In neighboring Greece it is also possible to taste another wonderful variation of this dish: fakes soupa (φακές σούπα – lentil soup)! Traditionally, the fakes soupa could be found on the table during Wednesdays or Fridays (a custom from the Christian Orthodox) and/or during the fasting period before Easter. Of course, in general, you can eat this soup whenever your appetite or your blood iron levels demand it! Nowadays, the fakes dish is mostly linked to healthy eating & vegan recipes, rather than to religious traditions and practices. You only have to take a pot and add water, lentils, olive oil, garlic gloves (a lot), onions, chopped fresh tomatoes, bay leaves, a touch of parsil et voilà! A secret touch is to add some wine vinegar before serving, which can make the difference (also popular in Spain)! As for the Greek name for lentils, the term probably derives from the word fakos (φακός) that means lens, since lentils look like small lenses.
Finally, we cannot ignore that outside the European borders lentils are popular in a number of countries. In this case, we would like to pay especial attention to India, where dal (also spelled as daal and dahl) is very popular. Dal is a delicious dish prepared with stir-fried and boiled red lentils, onion, garlic, tomatoes, turmeric, cumin seeds, garam masala, coriander and optional diced potatoes, that can be served in the form of soup or of “dry dal”. There are several variations to this recipe depending on the region and family, but all of them are a tasty homage to lentils!
Do you know of any other lentil recipes? How do you prepare this lovely legume? We will be delighted to hear from you! Bon appetit!
Written by Doris Fernandes del Pozo – Journalist, Translator-Interpreter and Communication Trainee at the Terminology Coordination Unit of the European Parliament. She is pursuing a PhD as part of the Communication and Contemporary Information Programme of the University of Santiago de Compostela (Spain); Katerina Palamioti, Translator, Social Media and Content Manager, Communication Trainee and Foodie at the Terminology Coordination Unit of the European Parliament; Iris Rinner – Terminology trainee at the Terminology Coordination Unit of the European Parliament, BA in Modern Foreign Languages and Cultures from the University of Sassari and MA in Specialized Translation from the University of Vienna; and Serena Grementieri – Terminology trainee at the Terminology Coordination Unit of the European Parliament, BA in Intercultural Linguistic Mediation and MA degree in Specialized Translation at the School of Foreign Languages and Literatures, Interpreting and Translation (ex-SSLMIT) of Forlì, University of Bologna.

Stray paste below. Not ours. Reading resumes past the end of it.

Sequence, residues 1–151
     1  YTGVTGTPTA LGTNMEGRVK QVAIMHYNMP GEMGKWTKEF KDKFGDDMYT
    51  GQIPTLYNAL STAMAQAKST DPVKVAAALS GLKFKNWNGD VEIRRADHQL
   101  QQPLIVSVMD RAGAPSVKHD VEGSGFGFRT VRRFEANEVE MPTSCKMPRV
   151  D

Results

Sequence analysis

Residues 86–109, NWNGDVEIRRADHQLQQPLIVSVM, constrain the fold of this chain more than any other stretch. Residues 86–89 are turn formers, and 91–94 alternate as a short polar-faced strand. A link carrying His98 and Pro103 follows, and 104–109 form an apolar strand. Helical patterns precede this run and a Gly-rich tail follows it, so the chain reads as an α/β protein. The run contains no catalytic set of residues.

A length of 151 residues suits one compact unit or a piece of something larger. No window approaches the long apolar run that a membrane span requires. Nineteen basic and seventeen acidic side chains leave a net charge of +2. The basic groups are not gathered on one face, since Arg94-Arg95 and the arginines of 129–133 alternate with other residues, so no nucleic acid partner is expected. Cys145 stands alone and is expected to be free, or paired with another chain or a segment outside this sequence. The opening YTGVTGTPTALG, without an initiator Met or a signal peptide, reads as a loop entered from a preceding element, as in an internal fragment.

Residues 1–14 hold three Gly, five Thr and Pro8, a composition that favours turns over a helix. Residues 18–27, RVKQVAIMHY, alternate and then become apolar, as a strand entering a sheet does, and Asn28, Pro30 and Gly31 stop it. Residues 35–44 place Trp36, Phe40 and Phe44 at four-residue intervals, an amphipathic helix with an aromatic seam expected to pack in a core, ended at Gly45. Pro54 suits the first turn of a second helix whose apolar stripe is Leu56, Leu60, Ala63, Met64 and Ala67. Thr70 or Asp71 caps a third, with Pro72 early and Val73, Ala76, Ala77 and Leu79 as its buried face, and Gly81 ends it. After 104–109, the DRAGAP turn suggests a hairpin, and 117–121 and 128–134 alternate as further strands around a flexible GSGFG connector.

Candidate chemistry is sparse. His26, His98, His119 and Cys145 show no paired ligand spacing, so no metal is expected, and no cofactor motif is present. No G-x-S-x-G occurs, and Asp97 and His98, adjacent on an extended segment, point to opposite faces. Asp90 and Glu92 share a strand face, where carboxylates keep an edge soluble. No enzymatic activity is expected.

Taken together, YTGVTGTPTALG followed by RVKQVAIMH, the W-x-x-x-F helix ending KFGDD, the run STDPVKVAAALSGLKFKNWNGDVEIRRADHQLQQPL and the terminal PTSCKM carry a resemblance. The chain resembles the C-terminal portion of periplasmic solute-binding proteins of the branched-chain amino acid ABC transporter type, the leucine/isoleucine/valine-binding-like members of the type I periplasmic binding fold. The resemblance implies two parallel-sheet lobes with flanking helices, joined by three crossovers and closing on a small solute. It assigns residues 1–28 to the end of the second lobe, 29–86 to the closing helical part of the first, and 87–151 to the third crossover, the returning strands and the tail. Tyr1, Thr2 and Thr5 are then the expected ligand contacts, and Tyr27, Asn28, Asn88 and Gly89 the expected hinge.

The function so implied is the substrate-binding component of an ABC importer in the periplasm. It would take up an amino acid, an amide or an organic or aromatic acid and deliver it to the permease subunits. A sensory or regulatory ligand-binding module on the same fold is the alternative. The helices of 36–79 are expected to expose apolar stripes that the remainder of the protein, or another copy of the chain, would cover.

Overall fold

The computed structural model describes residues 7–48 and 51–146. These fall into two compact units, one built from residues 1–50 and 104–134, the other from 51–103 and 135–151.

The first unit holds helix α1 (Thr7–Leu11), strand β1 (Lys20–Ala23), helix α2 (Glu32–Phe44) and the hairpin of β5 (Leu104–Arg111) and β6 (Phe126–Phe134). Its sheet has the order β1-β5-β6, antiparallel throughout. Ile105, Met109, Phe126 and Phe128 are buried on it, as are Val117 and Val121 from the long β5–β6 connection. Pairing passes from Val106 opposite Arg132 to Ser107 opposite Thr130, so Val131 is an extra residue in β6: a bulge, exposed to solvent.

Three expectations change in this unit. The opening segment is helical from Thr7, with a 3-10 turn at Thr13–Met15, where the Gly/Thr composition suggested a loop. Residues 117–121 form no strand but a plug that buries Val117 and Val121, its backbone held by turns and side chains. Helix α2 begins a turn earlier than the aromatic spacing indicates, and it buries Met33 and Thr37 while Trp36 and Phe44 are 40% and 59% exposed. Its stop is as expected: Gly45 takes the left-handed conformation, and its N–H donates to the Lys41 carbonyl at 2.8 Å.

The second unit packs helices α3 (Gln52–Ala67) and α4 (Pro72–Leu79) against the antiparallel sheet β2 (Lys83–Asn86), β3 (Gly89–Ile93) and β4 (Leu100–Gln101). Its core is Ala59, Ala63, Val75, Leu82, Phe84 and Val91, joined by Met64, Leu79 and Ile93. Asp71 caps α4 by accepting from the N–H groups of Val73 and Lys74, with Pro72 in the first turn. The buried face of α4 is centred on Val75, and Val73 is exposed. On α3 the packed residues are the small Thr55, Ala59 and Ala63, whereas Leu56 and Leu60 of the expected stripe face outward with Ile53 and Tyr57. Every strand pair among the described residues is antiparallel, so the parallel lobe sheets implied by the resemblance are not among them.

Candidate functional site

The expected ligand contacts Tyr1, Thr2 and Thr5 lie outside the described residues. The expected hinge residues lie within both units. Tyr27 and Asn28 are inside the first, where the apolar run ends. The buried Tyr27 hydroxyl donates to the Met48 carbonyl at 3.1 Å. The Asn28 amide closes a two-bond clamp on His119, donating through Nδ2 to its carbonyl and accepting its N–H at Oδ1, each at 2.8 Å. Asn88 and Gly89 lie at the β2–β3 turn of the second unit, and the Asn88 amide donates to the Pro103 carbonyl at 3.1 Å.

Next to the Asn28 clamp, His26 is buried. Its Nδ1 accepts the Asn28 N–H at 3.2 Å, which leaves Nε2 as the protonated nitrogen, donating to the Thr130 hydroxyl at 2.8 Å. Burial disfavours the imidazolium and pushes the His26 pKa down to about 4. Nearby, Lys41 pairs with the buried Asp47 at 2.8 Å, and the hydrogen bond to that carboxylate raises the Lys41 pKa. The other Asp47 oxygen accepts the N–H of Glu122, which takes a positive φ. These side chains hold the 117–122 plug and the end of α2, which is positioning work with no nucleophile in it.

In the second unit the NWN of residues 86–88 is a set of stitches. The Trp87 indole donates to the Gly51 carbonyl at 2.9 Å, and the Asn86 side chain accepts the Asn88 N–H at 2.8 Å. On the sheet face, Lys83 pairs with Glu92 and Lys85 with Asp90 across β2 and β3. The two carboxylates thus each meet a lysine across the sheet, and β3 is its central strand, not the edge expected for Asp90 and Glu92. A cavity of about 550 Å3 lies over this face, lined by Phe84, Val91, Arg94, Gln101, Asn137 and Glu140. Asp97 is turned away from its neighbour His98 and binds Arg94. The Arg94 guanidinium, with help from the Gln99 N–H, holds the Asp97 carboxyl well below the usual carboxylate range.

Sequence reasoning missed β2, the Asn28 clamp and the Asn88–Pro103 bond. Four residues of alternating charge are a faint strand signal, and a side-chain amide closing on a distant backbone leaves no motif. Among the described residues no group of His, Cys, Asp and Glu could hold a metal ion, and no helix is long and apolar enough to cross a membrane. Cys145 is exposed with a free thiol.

- Criado, Miguel Ángel (2016) “La agricultura también empezó con las lentejas, El País. Available at: http://bit.ly/2r1DvA9 (Accessed May 2017)
- Corriere della Sera (n.d.) “Zuppa di lenticchie e bue”, Cucina / Ricette. Available at: http://bit.ly/2pjINHp (Accessed 12 May 2017)
- Cultura (n.d.) “Perché a Capodanno si mangiano le lenticchie?“, Canale del sito Biografieonline.it. Available at: http://bit.ly/2pyip8T (Accessed 12 May 2017)
- FAO (2016) 2016 International Year of Pulses. Available at: http://www.fao.org/pulses-2016/en/ (Accessed 12 May 2017)
- Giallo Zafferano (n.d.) 1509 ricette: Lenticchie classiche. Available at: http://bit.ly/2qZyh4A (Accessed 12 May 2017)
- Hummus Sapiens (2013) “La mentirosa (y reconfortante) historia de las lentejas”, Hummus Sapiens Blog. Available at: http://bit.ly/2ptjHWG (Accessed 12 May 2017)
- Mariné, Abel (2016) “Diez legumbres españolas con denominación de origen”, Nuevatribuna.es. Available at: http://bit.ly/2qB1eaC (Accessed 12 May 2017)
- Murphy, Denis J. (2007) “The domestication of cereal crops” (chapter 6), People, Plants and Genes: The Story of Crops and Humanity. Available at: http://bit.ly/2pGmJ4V (Accessed 12 May 2017)
- Val, María (n.d.) “Lentejas, gastronomía y propiedades nutricionales”, Sabor mediterráneo. Revista digital de gastronomía mediterránea. Available at: http://bit.ly/2pGOXxo (Accessed 12 May 2017)
- Zohary, Daniel (1989) “Pulse Domestication and Cereal Domestication: How Different Are They?”, Economic Botany Vol. 43, No. 1 (Jan. – Mar., 1989), pp. 31-34. Available at: http://bit.ly/2rac9Fd (Accessed 12 May 2017)
713 total views, 2 views today